From the September 2011 issue of Entrepreneur

Big Think, Small MovementIt's not uncommon to find me at one coffee shop or another across the country during my workday. Not only do I get caffeinated delights to accompany free Wi-Fi, I also get the benefits of people-watching and overhearing myriad conversations. And sometimes those conversations make me want to poke myself in my left eye.

Coffee shops have become the de facto conference room of the working class, which means as a frequent coffee shop patron, I'm privy to a significant amount of BS that spews from tables around me. I get to hear about overarching concepts and how something's so user-friendly that it's going to be an inarguable game-changer. It aggregates content in an innovative fashion and integrates seamlessly with existing infrastructure.

If you have no idea what any of the above means, that's OK. I don't either. In fact, no one does (even the people spewing the words). So this month, I'll ask the tough question:

Buzzspeak Words to Avoid
Paradigm shift
Engage
Overarching
Out of the box
Revolutionary
Game-changing
Synergistic
Bleeding edge
Change management
Integrated
Core competencies
Guru
Ninja
Authentic/authenticity
Drill down
Mission critical
Onboarding

Is Buzzspeak Killing Your Business?
Buzzspeak is the uncooked spaghetti of the business world: When you throw it against the refrigerator, nothing sticks. It's lazy and the epitome of monkey-see, monkey-do. Seriously--would you know an overarching idea if it bit you on the leg? The only thing that buzzspeak does for us is make us seem less intelligent than we truly are. Buzzwords are an excuse to talk around what we really mean to say, and those are the words that will close business and help us give our audience what they really wanted all along: tools that get things done.

So how do you break out of the buzzspeak bubble and start finding words that work? First, it goes back to the issue of respect. Respect your audience enough to tell it to them straight. Stop sugarcoating and dancing around the conversations that get things done.

I'll bet if you sat down with your audience and asked, "What do you need?" the answer wouldn't be, "A bunch of words that sound awesome!" The answer would probably sound something like this: "I need you to fix my problem."

Once you understand that the reason we all have careers is because other people's problems need fixing, the next step is to get to fixing those problems. Here are four tips for closing your mouth, thus denying the buzzwords bandwidth, and opening it in the pursuit of problem solving (the heart of entrepreneurship).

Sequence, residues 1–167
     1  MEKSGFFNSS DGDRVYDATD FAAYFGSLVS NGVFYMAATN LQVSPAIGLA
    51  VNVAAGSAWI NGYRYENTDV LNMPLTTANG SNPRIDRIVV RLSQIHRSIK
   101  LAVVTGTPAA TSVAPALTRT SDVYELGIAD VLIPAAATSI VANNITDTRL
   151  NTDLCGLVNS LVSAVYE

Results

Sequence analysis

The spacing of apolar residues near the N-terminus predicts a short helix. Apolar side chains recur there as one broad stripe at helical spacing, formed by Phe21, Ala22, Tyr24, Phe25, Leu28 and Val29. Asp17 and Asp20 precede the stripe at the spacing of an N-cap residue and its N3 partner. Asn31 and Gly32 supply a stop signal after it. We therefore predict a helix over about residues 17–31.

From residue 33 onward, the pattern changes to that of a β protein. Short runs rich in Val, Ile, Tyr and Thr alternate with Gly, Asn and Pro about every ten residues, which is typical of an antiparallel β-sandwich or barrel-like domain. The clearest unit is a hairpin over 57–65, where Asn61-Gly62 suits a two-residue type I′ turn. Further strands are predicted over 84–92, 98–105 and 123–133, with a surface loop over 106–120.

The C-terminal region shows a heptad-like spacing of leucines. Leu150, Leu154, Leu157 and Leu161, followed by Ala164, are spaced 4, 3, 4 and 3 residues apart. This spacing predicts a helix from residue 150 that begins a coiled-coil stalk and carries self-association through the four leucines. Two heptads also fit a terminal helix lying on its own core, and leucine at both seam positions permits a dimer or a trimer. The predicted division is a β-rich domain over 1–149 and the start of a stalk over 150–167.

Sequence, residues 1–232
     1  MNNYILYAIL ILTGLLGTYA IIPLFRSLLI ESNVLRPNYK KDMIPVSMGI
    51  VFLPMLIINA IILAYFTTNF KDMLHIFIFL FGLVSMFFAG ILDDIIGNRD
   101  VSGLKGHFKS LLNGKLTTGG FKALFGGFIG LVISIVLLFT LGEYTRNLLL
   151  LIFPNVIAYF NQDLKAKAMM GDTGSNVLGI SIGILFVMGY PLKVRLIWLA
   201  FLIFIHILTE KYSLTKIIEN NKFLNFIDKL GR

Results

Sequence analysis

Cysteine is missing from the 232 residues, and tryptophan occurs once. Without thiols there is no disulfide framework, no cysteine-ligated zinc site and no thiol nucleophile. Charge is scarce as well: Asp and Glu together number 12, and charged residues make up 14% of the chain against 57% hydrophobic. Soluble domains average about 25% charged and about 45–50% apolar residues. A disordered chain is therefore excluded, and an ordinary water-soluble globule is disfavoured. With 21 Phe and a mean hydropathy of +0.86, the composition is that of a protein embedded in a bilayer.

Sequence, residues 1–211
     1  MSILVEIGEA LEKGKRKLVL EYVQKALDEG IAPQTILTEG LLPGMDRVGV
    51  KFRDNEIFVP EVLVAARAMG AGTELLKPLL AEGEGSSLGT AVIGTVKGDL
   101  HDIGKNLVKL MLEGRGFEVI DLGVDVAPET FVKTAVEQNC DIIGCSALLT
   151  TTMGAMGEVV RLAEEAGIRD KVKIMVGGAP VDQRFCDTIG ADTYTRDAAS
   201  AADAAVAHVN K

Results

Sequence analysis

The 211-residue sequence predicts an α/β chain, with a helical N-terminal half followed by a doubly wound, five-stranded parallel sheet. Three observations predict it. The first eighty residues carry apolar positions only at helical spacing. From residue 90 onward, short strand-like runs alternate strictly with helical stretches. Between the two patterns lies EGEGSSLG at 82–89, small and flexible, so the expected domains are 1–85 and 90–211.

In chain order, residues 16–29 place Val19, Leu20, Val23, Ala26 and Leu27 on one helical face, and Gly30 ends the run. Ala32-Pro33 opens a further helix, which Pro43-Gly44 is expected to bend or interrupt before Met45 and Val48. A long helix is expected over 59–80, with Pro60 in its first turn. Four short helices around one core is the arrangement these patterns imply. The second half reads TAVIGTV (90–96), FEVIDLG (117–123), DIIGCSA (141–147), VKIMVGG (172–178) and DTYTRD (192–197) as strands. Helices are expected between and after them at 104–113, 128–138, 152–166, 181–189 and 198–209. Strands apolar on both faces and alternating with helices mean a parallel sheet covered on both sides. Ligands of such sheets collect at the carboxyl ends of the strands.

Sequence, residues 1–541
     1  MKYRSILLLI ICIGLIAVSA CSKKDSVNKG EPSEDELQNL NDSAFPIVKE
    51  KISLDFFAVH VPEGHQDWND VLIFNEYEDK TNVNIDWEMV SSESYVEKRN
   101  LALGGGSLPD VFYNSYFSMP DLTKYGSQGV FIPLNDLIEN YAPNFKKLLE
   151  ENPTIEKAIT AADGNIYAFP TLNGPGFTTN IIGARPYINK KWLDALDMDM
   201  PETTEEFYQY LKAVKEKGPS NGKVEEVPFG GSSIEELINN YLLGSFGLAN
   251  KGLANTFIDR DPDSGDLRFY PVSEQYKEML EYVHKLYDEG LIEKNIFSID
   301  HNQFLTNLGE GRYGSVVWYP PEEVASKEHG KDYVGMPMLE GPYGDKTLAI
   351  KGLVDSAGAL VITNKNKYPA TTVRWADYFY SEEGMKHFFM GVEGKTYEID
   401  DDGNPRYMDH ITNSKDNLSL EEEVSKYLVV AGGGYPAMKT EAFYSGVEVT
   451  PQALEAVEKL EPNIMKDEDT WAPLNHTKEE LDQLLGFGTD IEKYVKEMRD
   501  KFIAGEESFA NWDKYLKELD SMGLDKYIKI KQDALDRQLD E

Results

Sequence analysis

• Simplicity: If you want your audience to buy in to what you're putting on the table for sale, don't make them learn a new language. Simplicity goes a long way, because when people feel they're not smart enough to understand your solutions, they feel they're not smart enough to do business with you.
  • Brilliance: If what you're offering can make your client look brilliant to the people who matter most, that's a huge selling point. You're not the brilliant one for bringing them the solution--they are the brilliant one for bringing your solution to the table. Take a moment to understand how your solutions make your client shine to his or her audience.
  • Time: It's the mother of all sins-- wasting someone's time. Great solutions don't integrate or aggregate. They save time. While not every solution saves time, the fact that it might is a fair share more significant than any sort of crap vocabulary you could throw into the mix.
  • Usability: If it takes a village to learn, it's probably not the best solution. Respect your audience by offering easy-to-use solutions that make sense for how they operate. Asking them to change their day-to-day routine won't get you the yeses you crave.

Our job is to lend value. We don't get points for using big words--we get points for results. The best solutions never need dressing up with words, they just need a team who can effectively communicate their worth and put them into action.